Velma Greenwood, Petitioner, v. Veterans Administration Medical Center, Respondent, 864 F.2d 148 (Fed. Cir. 1988)

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U.S. Court of Appeals for the Federal Circuit - 864 F.2d 148 (Fed. Cir. 1988) Nov. 9, 1988

Before RICH, PAULINE NEWMAN and MAYER, Circuit Judges.

PER CURIAM.


DECISION

Velma Greenwood petitions for review of a decision and award of an arbitrator denying her grievance and sustaining the Veterans Administration Medical Center's (agency) removal of petitioner from her position as a food service worker. We affirm.

OPINION

Petitioner first argues that the agency offered "absolutely no evidence" to show that the component or sub-element of the critical element as to which she performed unacceptably was so dominant that it justified an unsatisfactory rating on the critical element as a whole. This argument is not persuasive. In Adkins v. Department of Housing and Urban Development, 781 F.2d 891 (Fed. Cir. 1986), this court concluded that an agency action based upon one component of a critical element is sustainable if there was proof that the employee knew or should have known the significance of the sub-element and that the deficiencies were significant enough to justify the action. Id. at 895, adopting Shuman v. Department of the Treasury, 23 M.S.P.R. 620 (1984). The evidence of record is more than ample to show that petitioner knew or should have known the significance of " [c]omplet [ing] assigned duties every day" in relation to "Customer Service", a critical element to her position as a food service worker. There was also ample evidence to show that petitioner's failure to complete her assigned duties was significant enough to warrant her removal.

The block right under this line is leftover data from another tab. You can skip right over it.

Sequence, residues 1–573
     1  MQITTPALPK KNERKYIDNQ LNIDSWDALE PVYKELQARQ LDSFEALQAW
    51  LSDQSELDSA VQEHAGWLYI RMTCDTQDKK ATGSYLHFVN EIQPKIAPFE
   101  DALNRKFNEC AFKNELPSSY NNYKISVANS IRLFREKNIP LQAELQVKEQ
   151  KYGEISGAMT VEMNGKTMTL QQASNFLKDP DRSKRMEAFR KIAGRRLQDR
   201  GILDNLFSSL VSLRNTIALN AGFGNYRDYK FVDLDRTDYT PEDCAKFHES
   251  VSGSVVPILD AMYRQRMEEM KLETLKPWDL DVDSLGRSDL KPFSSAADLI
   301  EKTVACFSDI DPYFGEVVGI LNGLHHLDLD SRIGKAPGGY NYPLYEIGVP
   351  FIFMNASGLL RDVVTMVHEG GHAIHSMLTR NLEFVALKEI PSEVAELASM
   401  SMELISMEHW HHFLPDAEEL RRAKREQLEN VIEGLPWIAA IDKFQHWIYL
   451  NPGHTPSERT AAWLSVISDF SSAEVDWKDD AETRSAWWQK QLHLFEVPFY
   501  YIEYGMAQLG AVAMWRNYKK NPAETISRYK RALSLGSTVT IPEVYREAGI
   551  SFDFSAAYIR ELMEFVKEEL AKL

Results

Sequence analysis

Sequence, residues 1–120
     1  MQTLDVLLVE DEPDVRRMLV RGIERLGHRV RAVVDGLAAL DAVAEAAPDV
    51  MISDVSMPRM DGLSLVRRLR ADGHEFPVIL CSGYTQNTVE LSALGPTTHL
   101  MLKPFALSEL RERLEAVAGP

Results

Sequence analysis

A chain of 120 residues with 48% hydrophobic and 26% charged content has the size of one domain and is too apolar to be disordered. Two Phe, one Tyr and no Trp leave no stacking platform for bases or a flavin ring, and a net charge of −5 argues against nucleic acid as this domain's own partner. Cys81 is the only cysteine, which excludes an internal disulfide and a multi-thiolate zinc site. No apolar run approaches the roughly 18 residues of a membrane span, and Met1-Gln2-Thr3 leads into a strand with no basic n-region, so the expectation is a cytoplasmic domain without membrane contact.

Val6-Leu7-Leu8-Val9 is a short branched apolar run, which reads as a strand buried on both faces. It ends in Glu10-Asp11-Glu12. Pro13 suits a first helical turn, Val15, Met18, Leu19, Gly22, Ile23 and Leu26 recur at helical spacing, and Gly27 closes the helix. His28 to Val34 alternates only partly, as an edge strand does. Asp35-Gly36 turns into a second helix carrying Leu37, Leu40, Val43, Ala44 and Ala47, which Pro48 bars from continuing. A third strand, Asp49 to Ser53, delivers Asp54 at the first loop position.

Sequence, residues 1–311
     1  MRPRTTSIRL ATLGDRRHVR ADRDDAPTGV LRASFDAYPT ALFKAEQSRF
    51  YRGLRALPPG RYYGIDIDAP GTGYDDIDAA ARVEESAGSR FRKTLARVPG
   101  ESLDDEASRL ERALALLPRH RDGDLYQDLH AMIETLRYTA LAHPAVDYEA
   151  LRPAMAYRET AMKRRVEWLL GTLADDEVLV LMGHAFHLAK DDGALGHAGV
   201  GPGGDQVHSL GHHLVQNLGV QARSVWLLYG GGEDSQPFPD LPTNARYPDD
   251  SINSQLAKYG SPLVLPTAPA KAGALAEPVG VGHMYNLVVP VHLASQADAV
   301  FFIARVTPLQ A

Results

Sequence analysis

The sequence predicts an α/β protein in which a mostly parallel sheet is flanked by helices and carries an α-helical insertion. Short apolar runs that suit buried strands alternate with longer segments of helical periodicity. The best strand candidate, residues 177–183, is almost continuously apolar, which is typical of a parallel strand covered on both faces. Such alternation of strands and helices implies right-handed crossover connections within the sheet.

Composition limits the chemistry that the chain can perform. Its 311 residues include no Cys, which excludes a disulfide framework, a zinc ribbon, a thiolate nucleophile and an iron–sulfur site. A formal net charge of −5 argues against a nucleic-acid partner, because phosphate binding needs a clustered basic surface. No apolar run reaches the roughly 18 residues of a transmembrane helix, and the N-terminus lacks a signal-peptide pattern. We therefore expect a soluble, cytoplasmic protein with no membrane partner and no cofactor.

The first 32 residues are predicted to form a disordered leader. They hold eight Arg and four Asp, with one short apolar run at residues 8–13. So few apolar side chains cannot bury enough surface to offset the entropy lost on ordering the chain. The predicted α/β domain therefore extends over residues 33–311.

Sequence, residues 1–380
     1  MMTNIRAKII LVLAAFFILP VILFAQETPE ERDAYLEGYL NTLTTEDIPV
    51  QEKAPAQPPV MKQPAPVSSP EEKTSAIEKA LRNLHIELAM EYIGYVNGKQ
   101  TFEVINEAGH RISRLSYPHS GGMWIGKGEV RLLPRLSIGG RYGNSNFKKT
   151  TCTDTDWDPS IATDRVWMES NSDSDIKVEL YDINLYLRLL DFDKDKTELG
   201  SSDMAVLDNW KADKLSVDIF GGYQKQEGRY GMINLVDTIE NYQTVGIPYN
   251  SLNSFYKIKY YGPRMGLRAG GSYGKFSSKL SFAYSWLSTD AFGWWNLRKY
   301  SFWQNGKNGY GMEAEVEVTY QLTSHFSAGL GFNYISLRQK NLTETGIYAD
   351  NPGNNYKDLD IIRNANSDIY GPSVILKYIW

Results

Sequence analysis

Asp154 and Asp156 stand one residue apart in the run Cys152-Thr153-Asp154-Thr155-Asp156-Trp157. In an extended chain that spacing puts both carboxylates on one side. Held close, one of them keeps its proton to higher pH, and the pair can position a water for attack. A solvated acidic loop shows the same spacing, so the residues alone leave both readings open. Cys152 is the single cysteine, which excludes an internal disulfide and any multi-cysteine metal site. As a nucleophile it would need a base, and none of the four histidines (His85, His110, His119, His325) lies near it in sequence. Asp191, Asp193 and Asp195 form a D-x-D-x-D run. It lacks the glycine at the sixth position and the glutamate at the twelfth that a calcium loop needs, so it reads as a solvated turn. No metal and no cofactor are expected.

Petitioner's second argument is that her "deviations" related to the cleanliness of food service equipment and that these, in turn, related not to the critical, customer service element of her position, but rather to the kitchen and food service element, which was non-critical. This argument, like her first, is not persuasive. Again, the evidence of record is more than adequate to show that cleaning various surfaces and pieces of food service equipment was one of her "assigned duties every day", one of the three sub-elements of the critical "Customer Service" element.

Petitioner also asserts that the arbitrator was confused as to the meaning of the substantial evidence standard. This may be true. But it is apparent from the arbitrator's opinion that, if anything, he held the agency to a standard of proof higher than substantial evidence. Thus, we take petitioner's concession that this error "may be harmless" one step further and state with assurance that any error was harmless.

Petitioner's other arguments have no merit.

We affirm the decision and award of the arbitrator because they are not arbitrary, capricious, an abuse of discretion, or otherwise not in accordance with law, or obtained without procedures required by law, rule, or regulation having been followed, or unsupported by substantial evidence. 5 USC Sec. 7703(c) (1982).